Very recently, in the city of Furth, Germany, a most unusual worship service was held in St. Paul’s Church. As the people entered, a ChatGPT chatbot asked the people of church to rise from their pews and praise the Lord.
But the real news is that the sermon was preached by a bot. It preached to the packed church. People had heard of the event and had come to see. The image of a bearded black man appeared on a screen above the church altar. The A.I. preached about leaving the past behind, focusing on the present, overcoming fear of death, and never losing trust in Jesus Christ.
I have no doubt the technology will improve. But what struck me especially, was two things. First, the message itself. My best understanding of how A.I. works, is that it simply gathers information from a wide variety of sources and synthesizes them into a whole. The message, sadly, reflects what so many church goers hear. They hear messages that are psychological in nature and apply spiritual language to encourage people with their problems in life. Gone is the gospel. Gone is Jesus as the radiance of the glory of God whose throne rules. Gone also is a faithful verse by verse exposition of scripture, explaining the passage itself and the evident application that any passage demands. The A.I. sermon, if the summary I read was correct, is a reflection of what many hear. It reminded me how desperately we need a new reformation, and a reacquaintance with the enormity of our sin, as well as justification by faith. We need sermons that reflect the glorious truth, that we desperately need a saviour, for we are lost. We need to hear that our only hope is salvation by grace alone, through faith alone, in Christ alone, to the glory of God alone, as is described in Scripture alone. The A.I. sermon, by synthesizing what people already heard, demonstrates the poverty in the pulpit.
But of course, there is a second concern. While an A.I. sermon at a worship service is novel and unique, preachers who plagiarize what they preach is not new. As a preacher who has prepared sermons for over 4 decades, I know the temptation. The study that is required necessitates a great deal of time spent in the Bible, struggling with its meaning. As well, the preacher is faced with the text in his own personal life. At times, repentance is necessitated. At other times, it may launch the preacher into new understandings, or even into neglected truths that have been neglected for too long. At times, when I have studied, I have had to stop, get on my knees, and reflect on the holiness of the God I serve.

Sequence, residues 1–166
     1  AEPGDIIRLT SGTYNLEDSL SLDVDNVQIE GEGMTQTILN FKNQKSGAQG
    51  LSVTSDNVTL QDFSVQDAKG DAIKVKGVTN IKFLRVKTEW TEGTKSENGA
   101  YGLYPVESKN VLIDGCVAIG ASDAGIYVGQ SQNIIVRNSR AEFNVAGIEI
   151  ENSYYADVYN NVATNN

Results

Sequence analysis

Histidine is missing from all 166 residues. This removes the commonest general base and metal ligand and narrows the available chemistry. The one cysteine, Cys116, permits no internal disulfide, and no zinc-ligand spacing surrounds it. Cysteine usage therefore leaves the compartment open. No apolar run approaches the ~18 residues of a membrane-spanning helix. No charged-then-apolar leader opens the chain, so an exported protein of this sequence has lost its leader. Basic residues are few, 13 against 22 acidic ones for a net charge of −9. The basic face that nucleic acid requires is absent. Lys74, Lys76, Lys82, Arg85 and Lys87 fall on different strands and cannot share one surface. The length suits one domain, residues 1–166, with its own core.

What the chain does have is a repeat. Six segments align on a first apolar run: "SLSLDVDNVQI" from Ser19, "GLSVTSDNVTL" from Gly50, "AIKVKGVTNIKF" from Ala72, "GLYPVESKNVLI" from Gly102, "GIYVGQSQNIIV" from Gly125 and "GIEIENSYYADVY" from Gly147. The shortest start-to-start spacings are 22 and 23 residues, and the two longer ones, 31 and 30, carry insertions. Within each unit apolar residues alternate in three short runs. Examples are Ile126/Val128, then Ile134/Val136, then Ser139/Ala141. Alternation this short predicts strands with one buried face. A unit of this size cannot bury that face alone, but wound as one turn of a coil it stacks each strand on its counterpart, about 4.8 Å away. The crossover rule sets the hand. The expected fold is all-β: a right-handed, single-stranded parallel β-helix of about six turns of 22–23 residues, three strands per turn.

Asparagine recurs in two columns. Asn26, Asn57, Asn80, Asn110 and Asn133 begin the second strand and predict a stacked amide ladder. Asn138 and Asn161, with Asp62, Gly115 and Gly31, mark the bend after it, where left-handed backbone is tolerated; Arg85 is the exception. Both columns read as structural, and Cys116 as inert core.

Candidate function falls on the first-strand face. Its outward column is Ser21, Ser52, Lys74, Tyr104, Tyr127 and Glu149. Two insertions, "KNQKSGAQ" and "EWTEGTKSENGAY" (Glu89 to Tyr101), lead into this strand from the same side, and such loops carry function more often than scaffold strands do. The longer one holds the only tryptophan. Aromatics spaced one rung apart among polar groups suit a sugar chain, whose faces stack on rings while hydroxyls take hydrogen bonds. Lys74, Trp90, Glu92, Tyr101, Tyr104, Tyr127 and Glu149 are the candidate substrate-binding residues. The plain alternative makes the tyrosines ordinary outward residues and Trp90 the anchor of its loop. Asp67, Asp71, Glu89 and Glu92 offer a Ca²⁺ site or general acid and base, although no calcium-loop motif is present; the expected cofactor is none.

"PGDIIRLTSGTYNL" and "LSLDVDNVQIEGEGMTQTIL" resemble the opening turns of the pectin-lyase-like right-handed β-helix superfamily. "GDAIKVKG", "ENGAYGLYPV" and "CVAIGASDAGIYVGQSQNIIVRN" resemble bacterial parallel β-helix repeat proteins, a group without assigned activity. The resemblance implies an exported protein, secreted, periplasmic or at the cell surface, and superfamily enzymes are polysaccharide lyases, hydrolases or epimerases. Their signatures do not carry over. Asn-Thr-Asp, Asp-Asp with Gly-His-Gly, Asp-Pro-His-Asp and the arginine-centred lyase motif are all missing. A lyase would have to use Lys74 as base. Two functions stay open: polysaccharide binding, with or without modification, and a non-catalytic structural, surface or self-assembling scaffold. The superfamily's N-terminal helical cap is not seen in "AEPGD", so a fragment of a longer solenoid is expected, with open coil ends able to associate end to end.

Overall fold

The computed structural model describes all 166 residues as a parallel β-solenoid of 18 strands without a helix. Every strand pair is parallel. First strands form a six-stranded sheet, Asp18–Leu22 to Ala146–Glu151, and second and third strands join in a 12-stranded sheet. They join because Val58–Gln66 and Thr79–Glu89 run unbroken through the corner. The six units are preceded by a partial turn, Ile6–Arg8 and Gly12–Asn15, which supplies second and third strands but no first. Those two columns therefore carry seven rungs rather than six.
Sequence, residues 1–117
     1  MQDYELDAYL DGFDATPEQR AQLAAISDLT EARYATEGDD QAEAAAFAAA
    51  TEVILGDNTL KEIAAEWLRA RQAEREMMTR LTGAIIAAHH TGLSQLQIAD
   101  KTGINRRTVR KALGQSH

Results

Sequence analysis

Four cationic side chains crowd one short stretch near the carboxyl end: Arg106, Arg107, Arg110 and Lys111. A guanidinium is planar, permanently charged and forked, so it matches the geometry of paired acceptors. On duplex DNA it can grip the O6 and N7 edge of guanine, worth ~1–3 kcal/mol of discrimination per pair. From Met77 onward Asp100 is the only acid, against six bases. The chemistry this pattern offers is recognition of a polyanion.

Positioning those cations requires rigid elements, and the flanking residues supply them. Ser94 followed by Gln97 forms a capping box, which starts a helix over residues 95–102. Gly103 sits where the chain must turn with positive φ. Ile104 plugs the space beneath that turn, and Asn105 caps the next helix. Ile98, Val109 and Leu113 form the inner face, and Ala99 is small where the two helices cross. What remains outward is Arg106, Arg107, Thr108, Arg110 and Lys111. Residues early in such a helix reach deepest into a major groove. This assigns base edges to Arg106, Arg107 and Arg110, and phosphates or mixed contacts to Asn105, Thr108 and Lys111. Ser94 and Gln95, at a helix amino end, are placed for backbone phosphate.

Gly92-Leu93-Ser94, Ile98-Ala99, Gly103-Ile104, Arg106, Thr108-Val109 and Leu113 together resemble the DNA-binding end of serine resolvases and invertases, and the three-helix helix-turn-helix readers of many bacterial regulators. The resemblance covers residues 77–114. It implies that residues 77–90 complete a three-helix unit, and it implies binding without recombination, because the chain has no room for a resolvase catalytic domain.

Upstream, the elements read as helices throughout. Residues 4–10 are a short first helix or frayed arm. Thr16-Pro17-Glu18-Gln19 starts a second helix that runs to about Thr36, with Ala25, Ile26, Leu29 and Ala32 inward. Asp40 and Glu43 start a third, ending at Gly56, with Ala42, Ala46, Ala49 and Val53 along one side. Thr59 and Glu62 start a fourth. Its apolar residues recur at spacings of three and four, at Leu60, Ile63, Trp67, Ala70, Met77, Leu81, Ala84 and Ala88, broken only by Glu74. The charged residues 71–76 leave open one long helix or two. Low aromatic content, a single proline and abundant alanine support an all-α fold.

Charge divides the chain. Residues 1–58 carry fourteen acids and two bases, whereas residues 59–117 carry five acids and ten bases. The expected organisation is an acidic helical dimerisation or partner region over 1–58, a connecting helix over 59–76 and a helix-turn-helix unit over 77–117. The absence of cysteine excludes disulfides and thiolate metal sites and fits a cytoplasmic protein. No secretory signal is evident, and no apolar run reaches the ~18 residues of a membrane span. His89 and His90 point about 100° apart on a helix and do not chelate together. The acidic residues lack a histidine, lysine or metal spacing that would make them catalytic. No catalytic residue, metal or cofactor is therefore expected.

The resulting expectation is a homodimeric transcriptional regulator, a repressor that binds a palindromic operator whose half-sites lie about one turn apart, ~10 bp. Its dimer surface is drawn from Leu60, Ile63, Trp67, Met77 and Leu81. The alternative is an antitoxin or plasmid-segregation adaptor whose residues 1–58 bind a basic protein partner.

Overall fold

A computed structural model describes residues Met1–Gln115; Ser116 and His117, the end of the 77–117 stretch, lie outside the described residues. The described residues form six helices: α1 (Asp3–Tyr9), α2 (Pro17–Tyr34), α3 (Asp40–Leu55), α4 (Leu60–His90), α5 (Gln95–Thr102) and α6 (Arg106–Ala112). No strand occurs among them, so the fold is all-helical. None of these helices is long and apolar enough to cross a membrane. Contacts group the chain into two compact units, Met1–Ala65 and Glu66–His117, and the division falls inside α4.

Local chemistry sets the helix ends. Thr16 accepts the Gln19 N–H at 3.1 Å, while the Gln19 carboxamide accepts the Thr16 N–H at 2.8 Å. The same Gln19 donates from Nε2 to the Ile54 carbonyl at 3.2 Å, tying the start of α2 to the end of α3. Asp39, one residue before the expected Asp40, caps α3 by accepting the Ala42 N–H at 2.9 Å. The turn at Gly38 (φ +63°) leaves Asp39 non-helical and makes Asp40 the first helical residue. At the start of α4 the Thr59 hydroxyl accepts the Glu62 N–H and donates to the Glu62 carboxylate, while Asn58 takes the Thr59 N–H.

Following study of the text comes the phase of sermon preparation, where the preacher moves from a textual outline to a sermonic outline. Points of application are considered. The unique nature of the congregation he serves is considered. Some of his people have recently suffered loss. Still others have been overwhelmed by an unexpected joy. When the pastor applies his messages, he is mindful that he who is one of them has a message from the one true God.
But the message is not yet done. When the preacher ascends the pulpit, he is mindful he stands in a holy place. For it pleased the Lord through the folly of preaching to save those who believe. Hence, the preaching act itself fills the faithful preacher with both a sense of wonder, and a sense of reverent fear.
The A.I. revolution is troubling on many fronts. But from the perspective of worship, it presents an alternative to genuine faith. For the word did not become a sophisticated computer program. Indeed, the Word became flesh.